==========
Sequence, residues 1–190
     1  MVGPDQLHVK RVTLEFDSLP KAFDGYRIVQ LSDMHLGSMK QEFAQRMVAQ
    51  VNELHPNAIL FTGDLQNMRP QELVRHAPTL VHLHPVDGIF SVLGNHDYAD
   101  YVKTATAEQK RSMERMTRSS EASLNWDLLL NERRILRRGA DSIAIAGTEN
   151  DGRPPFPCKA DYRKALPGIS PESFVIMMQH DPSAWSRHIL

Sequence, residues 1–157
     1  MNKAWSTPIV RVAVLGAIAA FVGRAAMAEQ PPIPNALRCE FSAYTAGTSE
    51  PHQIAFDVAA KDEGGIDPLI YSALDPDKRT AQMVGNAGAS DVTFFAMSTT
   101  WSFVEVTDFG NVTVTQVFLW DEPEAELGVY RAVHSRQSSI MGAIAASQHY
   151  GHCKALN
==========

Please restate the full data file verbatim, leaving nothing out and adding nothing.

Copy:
Sequence, residues 1–190
     1  MVGPDQLHVK RVTLEFDSLP KAFDGYRIVQ LSDMHLGSMK QEFAQRMVAQ
    51  VNELHPNAIL FTGDLQNMRP QELVRHAPTL VHLHPVDGIF SVLGNHDYAD
   101  YVKTATAEQK RSMERMTRSS EASLNWDLLL NERRILRRGA DSIAIAGTEN
   151  DGRPPFPCKA DYRKALPGIS PESFVIMMQH DPSAWSRHIL

Sequence, residues 1–157
     1  MNKAWSTPIV RVAVLGAIAA FVGRAAMAEQ PPIPNALRCE FSAYTAGTSE
    51  PHQIAFDVAA KDEGGIDPLI YSALDPDKRT AQMVGNAGAS DVTFFAMSTT
   101  WSFVEVTDFG NVTVTQVFLW DEPEAELGVY RAVHSRQSSI MGAIAASQHY
   151  GHCKALN